Innovative Chemistry Revolutionizes the Zinc-Air Battery

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Image: Reaction processes in the inner/outer Helmholtz Layer (IHL/OHL) at the surface of air cathode in Zn(OTf)2 electrolytes.

As the potential for a global energy crisis continues to increase, so does the demand for sustainable energy resources. Research teams across the globe strive to develop high performance, eco-friendly, safe and cost-effective batteries. The zinc-air battery (ZAB) is an attractive alternative to the lithium-ion battery currently dominating the energy storage market; however, the conventional ZAB can often be unstable. Parasitic reactions, or side reactions - such as dendrite formation and air electrode failure rooted in the usage of alkaline electrolytes - often lead to battery failure and impede the development and application of ZABs.

To solve this problem, an international research team, co-led by University of Maryland (UMD) Professor, Chunsheng Wang, has developed a novel chemistry for the ZAB, which – based on a non-alkaline, water electrolyte – overcomes the parasitic reactions. Wei Sun – a former visiting Ph.D. Student in Dr. Wang’s group and now a postdoctoral researcher at the University of Münster – served as first author on the study published in Science on January 1, 2021. While working with Wang’s group, Sun focused on Zn-ion and proton co-insertion mechanism in aqueous Zn batteries

"This non-alkaline electrolyte brings a previously unknown reversible zinc peroxide (ZnO2)/O2 chemistry to the zinc-air battery," said Sun. "Compared with the conventionally strong alkaline electrolytes, this newly developed non-alkaline aqueous electrolyte has several advantages: the zinc anode is used more efficiently with a higher chemical stability and electrochemical reversibility."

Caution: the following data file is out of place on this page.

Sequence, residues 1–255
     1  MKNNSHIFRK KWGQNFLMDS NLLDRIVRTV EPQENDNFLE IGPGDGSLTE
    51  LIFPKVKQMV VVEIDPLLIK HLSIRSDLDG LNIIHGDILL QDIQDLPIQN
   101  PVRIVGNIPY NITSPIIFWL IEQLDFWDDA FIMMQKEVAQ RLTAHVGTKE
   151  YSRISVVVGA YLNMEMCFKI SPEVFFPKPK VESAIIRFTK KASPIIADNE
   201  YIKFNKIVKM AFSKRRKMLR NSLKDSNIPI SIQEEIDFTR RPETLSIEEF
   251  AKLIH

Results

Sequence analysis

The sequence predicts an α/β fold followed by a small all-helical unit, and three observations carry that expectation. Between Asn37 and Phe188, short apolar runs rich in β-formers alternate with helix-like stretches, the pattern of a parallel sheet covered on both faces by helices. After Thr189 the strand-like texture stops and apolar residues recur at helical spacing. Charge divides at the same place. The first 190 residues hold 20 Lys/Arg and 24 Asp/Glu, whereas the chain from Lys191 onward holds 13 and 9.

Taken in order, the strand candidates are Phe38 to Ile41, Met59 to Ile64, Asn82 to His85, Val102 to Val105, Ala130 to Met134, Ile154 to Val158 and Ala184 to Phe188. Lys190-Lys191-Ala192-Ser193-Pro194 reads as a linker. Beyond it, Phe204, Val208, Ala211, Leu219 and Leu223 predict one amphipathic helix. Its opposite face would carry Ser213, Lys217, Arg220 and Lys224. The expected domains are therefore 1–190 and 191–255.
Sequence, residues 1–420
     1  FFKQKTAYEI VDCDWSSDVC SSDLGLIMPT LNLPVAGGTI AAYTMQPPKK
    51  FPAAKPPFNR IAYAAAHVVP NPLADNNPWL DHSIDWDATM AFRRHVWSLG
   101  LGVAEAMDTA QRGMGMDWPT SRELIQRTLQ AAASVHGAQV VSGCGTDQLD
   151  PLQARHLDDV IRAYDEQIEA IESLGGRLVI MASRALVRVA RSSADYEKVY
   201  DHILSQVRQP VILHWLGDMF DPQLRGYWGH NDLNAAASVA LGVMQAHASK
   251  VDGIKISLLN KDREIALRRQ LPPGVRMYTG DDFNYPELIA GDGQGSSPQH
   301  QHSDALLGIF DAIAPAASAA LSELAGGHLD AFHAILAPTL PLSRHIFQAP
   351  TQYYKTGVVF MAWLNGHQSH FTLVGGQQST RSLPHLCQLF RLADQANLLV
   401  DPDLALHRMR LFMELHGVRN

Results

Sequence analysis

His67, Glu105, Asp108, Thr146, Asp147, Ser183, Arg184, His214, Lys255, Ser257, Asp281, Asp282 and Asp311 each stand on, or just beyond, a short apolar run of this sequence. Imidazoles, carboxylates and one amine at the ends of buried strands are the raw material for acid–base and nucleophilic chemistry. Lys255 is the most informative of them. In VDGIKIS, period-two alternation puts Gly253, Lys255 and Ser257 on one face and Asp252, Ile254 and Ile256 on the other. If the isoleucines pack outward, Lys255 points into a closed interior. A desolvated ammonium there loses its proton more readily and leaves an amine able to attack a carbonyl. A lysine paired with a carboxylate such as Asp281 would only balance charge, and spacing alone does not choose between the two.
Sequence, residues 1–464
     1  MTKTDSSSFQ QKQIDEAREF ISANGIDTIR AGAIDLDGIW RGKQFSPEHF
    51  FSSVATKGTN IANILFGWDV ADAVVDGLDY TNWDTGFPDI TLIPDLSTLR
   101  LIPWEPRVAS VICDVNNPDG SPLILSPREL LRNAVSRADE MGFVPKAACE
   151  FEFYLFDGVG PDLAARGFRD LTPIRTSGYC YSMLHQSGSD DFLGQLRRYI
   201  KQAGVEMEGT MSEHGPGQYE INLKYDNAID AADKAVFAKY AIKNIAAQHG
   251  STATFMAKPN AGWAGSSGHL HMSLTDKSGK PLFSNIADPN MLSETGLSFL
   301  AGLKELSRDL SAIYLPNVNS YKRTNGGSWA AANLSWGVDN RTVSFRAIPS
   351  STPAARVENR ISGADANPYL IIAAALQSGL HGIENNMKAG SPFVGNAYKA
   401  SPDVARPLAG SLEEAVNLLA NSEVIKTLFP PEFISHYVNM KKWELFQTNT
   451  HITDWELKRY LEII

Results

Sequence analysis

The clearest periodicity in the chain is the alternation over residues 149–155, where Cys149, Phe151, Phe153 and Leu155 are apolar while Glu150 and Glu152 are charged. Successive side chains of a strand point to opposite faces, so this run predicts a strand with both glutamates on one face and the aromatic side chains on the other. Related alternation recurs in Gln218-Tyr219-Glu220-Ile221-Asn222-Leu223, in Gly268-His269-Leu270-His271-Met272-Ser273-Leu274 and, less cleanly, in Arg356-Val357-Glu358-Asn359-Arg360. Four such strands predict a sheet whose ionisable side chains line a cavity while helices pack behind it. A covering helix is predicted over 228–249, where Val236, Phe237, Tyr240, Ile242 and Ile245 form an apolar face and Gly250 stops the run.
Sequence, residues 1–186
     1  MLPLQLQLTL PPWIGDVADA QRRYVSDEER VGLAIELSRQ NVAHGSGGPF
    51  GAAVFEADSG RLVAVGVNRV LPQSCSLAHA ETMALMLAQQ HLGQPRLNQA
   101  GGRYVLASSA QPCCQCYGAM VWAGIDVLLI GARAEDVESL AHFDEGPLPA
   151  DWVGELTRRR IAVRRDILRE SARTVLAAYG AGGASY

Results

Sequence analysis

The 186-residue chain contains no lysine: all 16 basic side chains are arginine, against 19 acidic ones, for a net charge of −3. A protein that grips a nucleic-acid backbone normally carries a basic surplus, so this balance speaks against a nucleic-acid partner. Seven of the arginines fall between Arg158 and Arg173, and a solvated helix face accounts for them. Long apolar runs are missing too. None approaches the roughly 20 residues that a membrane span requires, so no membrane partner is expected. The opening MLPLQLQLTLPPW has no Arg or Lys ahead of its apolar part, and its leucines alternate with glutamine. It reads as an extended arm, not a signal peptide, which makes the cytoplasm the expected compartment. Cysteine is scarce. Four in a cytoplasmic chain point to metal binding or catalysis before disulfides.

"Current zinc-air batteries suffer from the slow 4 electrons oxygen (O2) redox reaction due to water involvement," said Wang. "By using a Zn-salt with a hydrophobic anion trifluoromethanesulfonate (triflate), we removed water from air cathode surface enabling the highly reversible 2e- ORR reaction on air cathode in a diluted, aqueous electrolyte; thus, the full zinc-air batteries can operate stably for 320 cycles and 1,600 hours under ambient air atmosphere.”

Although the ZAB provides a potential alternative battery technology with several advantages, this technology still requires further intensive research and optimisation.

"This zinc-air battery is designed to work in an open atmosphere, so electrolyte evaporation is inevitable," Wang said. "A water management system might be needed to ensure a long-term practical operation."

For additional information:

SunW., Wang, F., ZhangB., Zhang, M., Küpers V., Ji, X., Theile, C., Bieker, P., Xu, K., Wang, C. and Winter, M. (2021 Jan 01). "A rechargeable zinc-air battery based on zinc peroxide chemistry," Science. DOI: 10.1126/science.abb9554


Published December 31, 2020